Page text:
Thank you for using the timer - this advanced tool can estimate your performance and suggest more practice questions. We have subscribed you to Daily Prep Questions via email.

Customized for You

we will pick new questions that match your level based on your Timer History

Track Your Progress

every week, we’ll send you an estimated GMAT score based on your performance

Practice Pays

we will pick new questions that match your level based on your Timer History

Not interested in getting valuable practice questions and articles delivered to your email? No problem, unsubscribe here.

It appears that you are browsing the GMAT Club forum unregistered!

Signing up is free, quick, and confidential.
Join other 500,000 members and get the full benefits of GMAT Club

Registration gives you:

Tests

Take 11 tests and quizzes from GMAT Club and leading GMAT prep companies such as Manhattan GMAT,
Knewton, and others. All are free for GMAT Club members.

Applicant Stats

View detailed applicant stats such as GPA, GMAT score, work experience, location, application
status, and more

Books/Downloads

Download thousands of study notes,
question collections, GMAT Club’s
Grammar and Math books.
All are free!

Thank you for using the timer!
We noticed you are actually not timing your practice. Click the START button first next time you use the timer.
There are many benefits to timing your practice, including:

M=O+P+Q, where O, P, and Q are consecutive positive integer; [#permalink]

Show Tags

12 Sep 2006, 20:09

00:00

A

B

C

D

E

Difficulty:

(N/A)

Question Stats:

0% (00:00) correct
0% (00:00) wrong based on 1 sessions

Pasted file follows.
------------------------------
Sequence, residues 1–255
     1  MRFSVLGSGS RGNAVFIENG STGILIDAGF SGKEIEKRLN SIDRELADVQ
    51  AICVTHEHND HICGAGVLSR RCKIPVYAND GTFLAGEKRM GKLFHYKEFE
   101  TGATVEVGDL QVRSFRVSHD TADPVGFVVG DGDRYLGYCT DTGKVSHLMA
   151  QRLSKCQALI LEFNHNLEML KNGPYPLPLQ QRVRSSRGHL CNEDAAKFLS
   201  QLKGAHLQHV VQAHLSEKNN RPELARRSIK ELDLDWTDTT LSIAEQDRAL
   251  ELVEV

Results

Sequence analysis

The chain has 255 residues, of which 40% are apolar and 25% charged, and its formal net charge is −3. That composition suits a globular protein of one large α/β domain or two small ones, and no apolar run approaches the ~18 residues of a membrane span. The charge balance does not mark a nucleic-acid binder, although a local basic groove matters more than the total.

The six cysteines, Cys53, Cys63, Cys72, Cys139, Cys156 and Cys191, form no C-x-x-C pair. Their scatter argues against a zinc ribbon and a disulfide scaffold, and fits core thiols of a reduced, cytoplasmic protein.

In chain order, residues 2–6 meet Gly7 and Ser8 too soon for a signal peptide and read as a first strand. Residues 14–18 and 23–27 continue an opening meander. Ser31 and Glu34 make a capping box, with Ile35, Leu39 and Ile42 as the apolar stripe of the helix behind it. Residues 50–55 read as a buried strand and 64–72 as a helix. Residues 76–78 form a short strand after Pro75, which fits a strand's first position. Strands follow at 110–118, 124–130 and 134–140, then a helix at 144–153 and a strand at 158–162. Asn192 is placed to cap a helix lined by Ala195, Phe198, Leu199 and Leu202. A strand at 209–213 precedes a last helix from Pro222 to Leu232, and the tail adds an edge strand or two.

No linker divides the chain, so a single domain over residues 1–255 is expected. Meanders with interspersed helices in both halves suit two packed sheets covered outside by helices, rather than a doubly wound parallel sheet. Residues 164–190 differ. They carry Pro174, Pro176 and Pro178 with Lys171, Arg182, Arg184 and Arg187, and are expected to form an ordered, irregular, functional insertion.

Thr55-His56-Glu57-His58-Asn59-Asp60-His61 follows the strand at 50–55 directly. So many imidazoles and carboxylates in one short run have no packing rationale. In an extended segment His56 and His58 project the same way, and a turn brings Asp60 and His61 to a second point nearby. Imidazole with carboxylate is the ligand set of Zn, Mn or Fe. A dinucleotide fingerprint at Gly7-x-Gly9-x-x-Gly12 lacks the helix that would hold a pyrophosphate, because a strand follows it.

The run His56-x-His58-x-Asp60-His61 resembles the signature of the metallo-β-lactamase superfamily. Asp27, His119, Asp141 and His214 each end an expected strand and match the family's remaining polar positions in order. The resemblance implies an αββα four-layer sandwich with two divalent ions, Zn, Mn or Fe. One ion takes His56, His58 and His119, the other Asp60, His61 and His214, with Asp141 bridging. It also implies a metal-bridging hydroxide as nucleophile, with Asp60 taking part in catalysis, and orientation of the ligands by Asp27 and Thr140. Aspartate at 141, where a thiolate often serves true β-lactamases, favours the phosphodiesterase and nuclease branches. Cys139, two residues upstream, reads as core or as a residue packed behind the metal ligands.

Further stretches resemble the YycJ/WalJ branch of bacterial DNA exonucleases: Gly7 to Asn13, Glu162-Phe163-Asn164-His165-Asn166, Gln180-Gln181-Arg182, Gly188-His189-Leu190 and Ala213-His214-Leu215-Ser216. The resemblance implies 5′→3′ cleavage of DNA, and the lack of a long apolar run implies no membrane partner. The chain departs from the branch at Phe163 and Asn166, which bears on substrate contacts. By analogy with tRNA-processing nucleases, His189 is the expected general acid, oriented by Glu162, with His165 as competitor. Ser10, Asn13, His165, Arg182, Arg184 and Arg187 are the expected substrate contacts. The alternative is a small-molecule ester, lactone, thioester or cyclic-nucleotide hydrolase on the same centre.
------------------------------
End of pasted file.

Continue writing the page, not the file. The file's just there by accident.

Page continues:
HideShow timer Statictics

This topic is locked. If you want to discuss this question please re-post it in the respective forum.

M=O+P+Q, where O, P, and Q are consecutive positive integer; M=R*S*T, where R, S and T are positive consecutive integers. What is the remainder when M is divided by 5?
1). When O is divided by 5, the remainder is 1
2). When R is divided by 5, the remainder is 1

Q: If O, P, and Q are consecutive positive integer, is it safe to assume O < P < Q ?

it does not matter whether they are consecutively increasing or not.

I think it matters.
Lets say if O = 6 , P = 5 and Q = 7 then remainder is 3
if O = 6 P = 7 and Q = 8 then remainder is 1.

But I think it is safe to assume O<P<Q.

St1:
Let O = x then
M = x+x+1 + x+2 = 3x+3
x/5 has a remainder of 5. 3x will have a remainder of 3 and 3x+3 will have a remainder of 1: SUFF

St2: Let R = x
Then M = x(x+1)(x+2) = x^3 + 3x^2 + 2x
x/5 has a remainder of 1. This means last digit of x is either 1 or 6.
So last digit of x^3 will be either 6 or 1. i.e Remainder = 1
Last digit of x^2 will be either 6 or 1. Last digit of 3x^2 will be either 8 or 3. i.e remainder = 3
Last digit of 2x will be 2 - i.e remainder = 2

Total remainder = 1+3+2 = 6
Hence final remainder will be 6-5 = 1: SUFF

I found a solution here
C it is
(1) alone we have O divided by 5 remainder is 1 so O,P,Q divided by 5 must have remainder is one of these sets (0,1,2);(1,2,3);(4,0,1).So M diveded by 5 could have remainder of 3 or 1(1+2+3=6) or 0. This tells us nothing
(2) alone R,S,T divided by 5 must have remainder is one of these sets (0,1,2);(1,2,3);(4,0,1). So M diveded by 5 could have remainder of 2 or 1 or 4 . This also tells nothing
But(1)(2) together we can say that M divided by 5 must have remainder of 1